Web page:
Beliefs are things we’ve told ourselves to be true. These might be ideas we’ve incorporated from childhood, lessons we’ve been taught by influential people, or responses we’ve had to things that have gone well or not so well for us in the past.
Our underlying beliefs color everything we do, think and say, whether we realize it or not. These perspectives have a powerful effect on how we perceive food choices and on our body image.
For example, you may have a belief that sounds like, “Well, I’ve blown it again, just like I always do. I might as well eat whatever I want because I’ll never get back on track, anyway.”
When you hear the words always and never in your self-talk, or in what you say to others, that’s a clear sign of the cognitive distortion of polarized or all-or-nothing thinking. This type of thinking will lead you down the road to self-deprecating thoughts and behaviors.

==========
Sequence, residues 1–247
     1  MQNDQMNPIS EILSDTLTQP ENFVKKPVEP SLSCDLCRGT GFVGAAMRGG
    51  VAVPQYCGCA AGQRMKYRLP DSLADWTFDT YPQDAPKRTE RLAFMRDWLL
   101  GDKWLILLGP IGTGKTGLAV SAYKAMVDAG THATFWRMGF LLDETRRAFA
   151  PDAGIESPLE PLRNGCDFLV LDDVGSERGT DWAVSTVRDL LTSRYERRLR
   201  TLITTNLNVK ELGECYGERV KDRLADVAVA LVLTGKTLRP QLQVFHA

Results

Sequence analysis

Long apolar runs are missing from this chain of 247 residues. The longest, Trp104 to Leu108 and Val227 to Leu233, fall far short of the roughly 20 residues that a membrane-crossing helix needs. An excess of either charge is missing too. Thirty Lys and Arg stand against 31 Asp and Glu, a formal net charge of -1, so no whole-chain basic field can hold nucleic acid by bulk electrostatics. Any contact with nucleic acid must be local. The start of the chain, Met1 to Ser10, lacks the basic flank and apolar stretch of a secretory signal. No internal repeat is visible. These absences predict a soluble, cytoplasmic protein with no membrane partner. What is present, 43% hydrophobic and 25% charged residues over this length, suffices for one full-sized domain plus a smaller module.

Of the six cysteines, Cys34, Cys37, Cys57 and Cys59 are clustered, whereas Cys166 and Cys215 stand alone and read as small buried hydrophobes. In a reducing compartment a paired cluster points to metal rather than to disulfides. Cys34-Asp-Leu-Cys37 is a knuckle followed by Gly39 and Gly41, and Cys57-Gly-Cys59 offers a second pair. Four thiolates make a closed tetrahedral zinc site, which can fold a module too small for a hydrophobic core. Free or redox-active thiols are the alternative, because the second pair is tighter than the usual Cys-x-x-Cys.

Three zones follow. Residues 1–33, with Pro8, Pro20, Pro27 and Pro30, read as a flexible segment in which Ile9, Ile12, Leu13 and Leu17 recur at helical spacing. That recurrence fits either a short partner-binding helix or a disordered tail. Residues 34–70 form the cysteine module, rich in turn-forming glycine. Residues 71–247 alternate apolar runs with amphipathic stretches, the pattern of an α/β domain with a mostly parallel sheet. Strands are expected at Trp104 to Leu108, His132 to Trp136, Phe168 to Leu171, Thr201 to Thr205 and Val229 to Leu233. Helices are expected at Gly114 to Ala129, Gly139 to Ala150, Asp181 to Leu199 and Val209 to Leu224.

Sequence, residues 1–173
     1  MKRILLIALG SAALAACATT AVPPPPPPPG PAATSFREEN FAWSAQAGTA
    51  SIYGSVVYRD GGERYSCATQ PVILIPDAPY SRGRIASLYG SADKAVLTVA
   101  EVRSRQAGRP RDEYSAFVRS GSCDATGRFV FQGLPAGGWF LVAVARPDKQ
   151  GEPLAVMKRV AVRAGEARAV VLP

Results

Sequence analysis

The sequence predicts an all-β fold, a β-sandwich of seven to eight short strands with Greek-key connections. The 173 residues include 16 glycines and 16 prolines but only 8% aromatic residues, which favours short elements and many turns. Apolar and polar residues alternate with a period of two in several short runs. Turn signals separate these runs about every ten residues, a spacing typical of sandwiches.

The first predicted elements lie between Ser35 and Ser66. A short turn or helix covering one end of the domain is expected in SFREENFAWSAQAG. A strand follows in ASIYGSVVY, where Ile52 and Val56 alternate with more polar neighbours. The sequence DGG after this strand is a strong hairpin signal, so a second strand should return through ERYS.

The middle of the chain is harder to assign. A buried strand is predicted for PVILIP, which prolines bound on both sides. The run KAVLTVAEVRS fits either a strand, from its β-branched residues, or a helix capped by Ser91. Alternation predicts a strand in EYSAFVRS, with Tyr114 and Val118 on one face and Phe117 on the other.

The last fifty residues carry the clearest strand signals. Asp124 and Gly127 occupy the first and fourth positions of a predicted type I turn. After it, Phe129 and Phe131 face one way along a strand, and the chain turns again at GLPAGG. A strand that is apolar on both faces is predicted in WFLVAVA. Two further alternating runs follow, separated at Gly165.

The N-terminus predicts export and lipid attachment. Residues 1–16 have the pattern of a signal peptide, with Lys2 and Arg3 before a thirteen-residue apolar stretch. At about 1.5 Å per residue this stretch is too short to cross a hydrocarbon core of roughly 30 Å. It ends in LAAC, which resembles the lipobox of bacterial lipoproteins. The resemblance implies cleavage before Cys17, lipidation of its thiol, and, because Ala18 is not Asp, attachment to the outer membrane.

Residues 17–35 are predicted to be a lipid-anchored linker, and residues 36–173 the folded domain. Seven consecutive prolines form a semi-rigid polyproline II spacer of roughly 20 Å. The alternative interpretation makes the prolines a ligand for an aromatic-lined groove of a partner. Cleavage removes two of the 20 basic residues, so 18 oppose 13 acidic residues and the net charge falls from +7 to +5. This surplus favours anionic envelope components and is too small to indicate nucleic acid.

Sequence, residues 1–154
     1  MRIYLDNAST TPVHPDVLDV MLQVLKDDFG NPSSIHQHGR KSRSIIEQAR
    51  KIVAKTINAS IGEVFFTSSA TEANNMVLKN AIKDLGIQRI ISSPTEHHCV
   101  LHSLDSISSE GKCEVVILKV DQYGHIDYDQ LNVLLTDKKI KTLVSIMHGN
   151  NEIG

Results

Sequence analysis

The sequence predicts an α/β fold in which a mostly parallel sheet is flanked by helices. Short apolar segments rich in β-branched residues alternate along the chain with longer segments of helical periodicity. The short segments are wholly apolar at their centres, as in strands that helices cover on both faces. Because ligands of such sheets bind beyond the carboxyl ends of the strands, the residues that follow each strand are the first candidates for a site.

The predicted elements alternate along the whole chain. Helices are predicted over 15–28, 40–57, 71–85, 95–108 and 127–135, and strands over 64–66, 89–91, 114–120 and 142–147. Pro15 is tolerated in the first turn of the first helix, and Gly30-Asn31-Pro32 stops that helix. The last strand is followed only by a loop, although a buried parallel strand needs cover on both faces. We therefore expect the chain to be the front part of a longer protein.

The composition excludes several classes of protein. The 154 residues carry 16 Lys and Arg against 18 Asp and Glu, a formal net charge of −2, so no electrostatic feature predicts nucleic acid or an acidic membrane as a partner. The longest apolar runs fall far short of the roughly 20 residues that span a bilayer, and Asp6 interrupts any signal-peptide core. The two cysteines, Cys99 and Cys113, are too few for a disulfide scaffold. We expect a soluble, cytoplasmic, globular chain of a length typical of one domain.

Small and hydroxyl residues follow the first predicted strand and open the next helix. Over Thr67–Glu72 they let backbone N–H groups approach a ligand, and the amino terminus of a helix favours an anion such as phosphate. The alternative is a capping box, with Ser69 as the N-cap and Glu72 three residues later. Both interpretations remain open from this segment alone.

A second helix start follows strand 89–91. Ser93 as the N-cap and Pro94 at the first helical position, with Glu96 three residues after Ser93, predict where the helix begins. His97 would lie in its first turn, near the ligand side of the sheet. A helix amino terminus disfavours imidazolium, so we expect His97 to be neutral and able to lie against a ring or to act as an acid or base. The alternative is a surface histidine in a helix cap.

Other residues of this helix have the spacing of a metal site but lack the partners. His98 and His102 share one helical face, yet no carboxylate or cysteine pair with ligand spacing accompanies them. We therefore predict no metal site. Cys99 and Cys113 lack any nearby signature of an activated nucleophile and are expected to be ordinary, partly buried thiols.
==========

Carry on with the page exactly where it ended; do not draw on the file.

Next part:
Here are some questions for journaling, therapy, and reflection as you seek to identify your underlying beliefs about food and weight:
- How do you talk yourself out of doing what you know is good for you?
- What do you believe to be true about your relationship with food and food choices?
- What lessons were you taught about what it means to live a healthy life?
Identifying your beliefs about food, weight, and body size will help you recognize when these limiting thoughts are sabotaging you and your success. When you start to see the same things coming up again and again, you can create a corresponding list of responses—talk back to these irrational thoughts with healthier ones.